What I love about the B-17, a lot of games have put you in a bomber, but you actually get to walk around here, look out the window. At one point you’re hit by flak and the engine catches on fire. I think we showed that in the trailer. That’s some of my favorite stuff. You can see a B-17 in a museum. I paid $300 a couple years ago to take a flight in one. It’s an amazing experience. But there aren’t combat missions flown over Europe anymore, thank God. To be able to put the player in that situation, where the crew is arming the .50 cals and the flak is blowing up around you, enemy fighters are coming in, over planes are getting hit — it’s very easy to lose yourself in that.
It’s a game, but it gives you maybe a little insight into what it must have been like. Those bomber missions, you had to fly 25 of them before you could go home. Imagine the scariest flight of your life and people are shooting at you. You somehow through the grace of God survive, and then you have to do it again and again. That’s one of the little slices of the war that we wanted to tell. Getting to experience that with the crew and see how the react.
Question: How did you choose some of these missions? Battlefield V has some similar elements, like the resistance and the Norway mission.
Hirschmann: There’s a finite amount of WWII history. We get kind of meta about the Norway one, because the Nynorsk hydro plant, outside Rjukan in Norway, that’s where they did the heavy water research. The SOE, the OSS, the RAF, the Norwegian resistance, they were constantly sabotaging and blowing it up, and then the Germans would get it back online. We leaned into that. The Allies keep attacking this and the Germans keep getting it online.
In ours, the timeline is near the end of the war. You’re going in and blowing it up one last time. We did it first, actually. We had a heavy water mission in the original Medal of Honor, which took place earlier in the war. Battlefield V actually followed us.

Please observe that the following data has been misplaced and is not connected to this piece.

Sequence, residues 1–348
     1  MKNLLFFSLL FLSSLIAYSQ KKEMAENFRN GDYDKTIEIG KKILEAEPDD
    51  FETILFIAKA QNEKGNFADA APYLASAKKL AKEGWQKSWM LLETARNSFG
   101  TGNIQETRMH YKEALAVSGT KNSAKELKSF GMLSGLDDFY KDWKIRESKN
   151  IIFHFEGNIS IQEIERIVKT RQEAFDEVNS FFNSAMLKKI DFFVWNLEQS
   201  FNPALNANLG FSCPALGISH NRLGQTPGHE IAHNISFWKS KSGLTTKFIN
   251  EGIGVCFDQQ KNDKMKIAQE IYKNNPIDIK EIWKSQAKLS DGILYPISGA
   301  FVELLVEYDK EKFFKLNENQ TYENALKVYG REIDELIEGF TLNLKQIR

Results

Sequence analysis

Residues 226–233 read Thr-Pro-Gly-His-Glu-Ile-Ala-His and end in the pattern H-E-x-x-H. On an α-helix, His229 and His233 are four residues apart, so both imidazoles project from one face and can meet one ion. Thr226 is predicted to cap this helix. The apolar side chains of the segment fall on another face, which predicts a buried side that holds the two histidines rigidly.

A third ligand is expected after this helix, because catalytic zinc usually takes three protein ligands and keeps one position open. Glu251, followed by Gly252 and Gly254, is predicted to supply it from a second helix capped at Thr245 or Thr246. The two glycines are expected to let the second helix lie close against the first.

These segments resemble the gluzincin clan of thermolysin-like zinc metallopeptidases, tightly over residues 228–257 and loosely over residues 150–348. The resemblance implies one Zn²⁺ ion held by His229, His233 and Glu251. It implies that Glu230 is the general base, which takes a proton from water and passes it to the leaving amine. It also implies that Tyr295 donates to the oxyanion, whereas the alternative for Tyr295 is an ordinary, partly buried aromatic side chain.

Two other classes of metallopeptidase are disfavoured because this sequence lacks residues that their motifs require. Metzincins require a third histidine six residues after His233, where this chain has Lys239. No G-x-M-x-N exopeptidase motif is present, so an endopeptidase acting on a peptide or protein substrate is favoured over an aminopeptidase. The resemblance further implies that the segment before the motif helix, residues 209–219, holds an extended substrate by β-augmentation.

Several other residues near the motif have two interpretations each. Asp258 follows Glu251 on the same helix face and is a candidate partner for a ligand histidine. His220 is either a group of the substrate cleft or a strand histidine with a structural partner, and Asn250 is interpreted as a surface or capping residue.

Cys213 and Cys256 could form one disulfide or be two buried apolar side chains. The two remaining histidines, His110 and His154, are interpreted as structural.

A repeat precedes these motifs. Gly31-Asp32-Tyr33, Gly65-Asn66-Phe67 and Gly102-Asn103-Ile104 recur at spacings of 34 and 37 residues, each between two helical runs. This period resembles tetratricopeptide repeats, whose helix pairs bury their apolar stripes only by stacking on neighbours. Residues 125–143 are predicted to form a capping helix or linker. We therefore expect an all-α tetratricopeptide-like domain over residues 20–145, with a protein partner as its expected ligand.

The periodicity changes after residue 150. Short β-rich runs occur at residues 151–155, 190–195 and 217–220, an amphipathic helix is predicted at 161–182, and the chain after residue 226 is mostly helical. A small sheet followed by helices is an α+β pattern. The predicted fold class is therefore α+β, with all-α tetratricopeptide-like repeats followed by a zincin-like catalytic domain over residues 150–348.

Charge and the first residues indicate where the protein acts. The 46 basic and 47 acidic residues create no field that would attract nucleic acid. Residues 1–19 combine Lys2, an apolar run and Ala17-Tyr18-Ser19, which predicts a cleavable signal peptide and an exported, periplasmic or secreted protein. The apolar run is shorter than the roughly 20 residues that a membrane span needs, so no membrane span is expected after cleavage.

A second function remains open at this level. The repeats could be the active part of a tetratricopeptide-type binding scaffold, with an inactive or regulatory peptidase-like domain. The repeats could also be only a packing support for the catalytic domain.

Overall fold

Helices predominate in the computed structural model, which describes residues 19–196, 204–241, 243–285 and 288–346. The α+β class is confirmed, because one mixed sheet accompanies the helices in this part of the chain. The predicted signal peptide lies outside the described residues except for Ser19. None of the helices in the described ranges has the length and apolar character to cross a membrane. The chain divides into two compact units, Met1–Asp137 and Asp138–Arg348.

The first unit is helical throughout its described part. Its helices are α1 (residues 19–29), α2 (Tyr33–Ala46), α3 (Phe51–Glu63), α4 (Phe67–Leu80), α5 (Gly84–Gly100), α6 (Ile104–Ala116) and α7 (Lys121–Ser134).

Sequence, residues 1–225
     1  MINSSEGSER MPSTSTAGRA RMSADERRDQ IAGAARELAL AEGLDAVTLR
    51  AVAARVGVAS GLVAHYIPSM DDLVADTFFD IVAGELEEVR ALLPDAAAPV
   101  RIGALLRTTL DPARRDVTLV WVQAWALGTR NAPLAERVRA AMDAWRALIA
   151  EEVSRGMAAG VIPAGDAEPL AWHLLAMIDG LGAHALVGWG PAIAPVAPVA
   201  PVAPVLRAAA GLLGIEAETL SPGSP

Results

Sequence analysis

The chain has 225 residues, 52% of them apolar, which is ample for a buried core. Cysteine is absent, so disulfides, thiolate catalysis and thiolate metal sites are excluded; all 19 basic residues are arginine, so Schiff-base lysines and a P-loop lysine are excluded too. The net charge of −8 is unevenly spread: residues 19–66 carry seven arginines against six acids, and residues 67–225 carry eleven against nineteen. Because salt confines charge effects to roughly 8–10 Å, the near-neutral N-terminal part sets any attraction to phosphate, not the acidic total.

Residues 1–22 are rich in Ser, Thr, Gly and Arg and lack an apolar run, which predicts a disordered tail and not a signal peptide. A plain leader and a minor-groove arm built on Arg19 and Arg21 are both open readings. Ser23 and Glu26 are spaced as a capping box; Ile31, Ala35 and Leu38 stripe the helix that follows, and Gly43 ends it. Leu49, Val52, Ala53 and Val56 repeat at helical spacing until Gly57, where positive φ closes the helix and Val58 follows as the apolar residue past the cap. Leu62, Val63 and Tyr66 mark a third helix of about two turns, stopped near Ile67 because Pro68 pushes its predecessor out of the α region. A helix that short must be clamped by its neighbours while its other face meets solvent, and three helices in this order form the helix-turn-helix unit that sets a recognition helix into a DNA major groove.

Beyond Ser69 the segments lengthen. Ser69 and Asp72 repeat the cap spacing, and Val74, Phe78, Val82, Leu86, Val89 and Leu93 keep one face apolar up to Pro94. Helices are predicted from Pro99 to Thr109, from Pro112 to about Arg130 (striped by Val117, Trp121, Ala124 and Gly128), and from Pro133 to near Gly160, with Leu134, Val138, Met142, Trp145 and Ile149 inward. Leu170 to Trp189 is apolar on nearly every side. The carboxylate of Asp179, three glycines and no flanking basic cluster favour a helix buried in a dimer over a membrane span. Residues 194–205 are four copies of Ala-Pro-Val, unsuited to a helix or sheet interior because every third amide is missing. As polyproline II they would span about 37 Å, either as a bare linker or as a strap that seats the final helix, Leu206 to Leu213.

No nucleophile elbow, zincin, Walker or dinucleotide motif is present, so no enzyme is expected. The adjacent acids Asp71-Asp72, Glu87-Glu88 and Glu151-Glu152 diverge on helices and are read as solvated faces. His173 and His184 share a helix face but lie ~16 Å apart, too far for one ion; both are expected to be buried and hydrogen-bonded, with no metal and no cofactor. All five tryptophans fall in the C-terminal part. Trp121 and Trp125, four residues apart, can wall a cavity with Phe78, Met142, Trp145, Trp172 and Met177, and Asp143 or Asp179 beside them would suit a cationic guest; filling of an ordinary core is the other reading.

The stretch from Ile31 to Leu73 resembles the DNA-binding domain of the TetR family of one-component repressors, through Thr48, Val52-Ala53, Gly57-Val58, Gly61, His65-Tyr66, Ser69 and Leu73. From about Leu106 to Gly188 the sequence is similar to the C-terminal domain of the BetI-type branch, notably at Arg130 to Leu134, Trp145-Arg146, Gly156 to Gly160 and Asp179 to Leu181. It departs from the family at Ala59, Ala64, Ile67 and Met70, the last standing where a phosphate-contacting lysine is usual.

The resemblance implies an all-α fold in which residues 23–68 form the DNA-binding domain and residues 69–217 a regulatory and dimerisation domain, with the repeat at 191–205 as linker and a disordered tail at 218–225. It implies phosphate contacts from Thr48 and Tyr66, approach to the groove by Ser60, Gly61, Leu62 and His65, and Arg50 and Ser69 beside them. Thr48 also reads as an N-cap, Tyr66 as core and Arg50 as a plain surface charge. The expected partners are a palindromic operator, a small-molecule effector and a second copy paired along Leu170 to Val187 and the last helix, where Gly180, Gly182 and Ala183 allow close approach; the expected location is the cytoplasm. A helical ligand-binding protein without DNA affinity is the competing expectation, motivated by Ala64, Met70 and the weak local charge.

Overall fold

There are certain touch points in the WWII story that we wanted to revisit, mainly because we’d done them in earlier Medal of Honor games. The platform opened up a fresh way to approach it. But just the fact that we’re doing VR wasn’t enough. To just replay Allied Assault’s D-Day level on the Rift would be cool, but it’s not enough.
In our game, you’re a combat engineer who’s recruited into the OSS. Combat engineers had a very specific job on D-Day. They had to blow the obstacles and clear a path for the armor to land. We do a whole setup where you’re in the OSS. You know the invasion’s coming. Your former engineer unit’s going in with the first wave. Engineers were the first ones on the beach. The OSS won’t let you go. “You’re a trained operative now. We won’t send you into a meat grinder.”
Our D-Day mission actually starts in a very unexpected way. You’re being told you can’t go, and you find a way to break loose of your OSS shackles and find out where your unit’s deploying from, steal a jeep, and do all this in way where….
Question: You’re defecting.
Hirschmann: [laughs] Yeah, yeah. But the first part of that mission is about getting to the port to hook up with your guys. There’s this neat moment where you sneak aboard the transport ship and you lean over, and there’s the Higgins boat down at the bottom. Your old unit’s like, “Holy shit, the lieutenant’s back!” You get to climb down the netting into the Higgins boat, and then you’re off to the beach.
One of the reasons we wanted to do that is also because a lot of D-Day levels start in the Higgins boat. You fade up and it’s “30 seconds!” and the ramp comes down. One of the vets we interviewed, he was on Omaha Beach. Talking to him about it, the story that made a huge impact, they were rousted up and everyone was loaded into trucks. They weren’t told that this was the invasion. They obviously put two and two together as they were going, though, and he said that the ride from camp to the port in the back of the truck was the quietest and darkest, with everything all blacked out.
There are these guys in there — they weren’t all chatting about existential crises. Sometimes those scenes can be overwritten. People talk in ways they don’t. For hours they all just sat in the back of the truck and it was dead quiet. They’re all terrified out of their mind, thinking about what’s coming. We wanted to capture a little bit of that. The journey to the port is part of the story. That’s a full third of the Omaha Beach stuff, breaking away and figuring out where you need to go, stealing a jeep, getting rid of the MPs.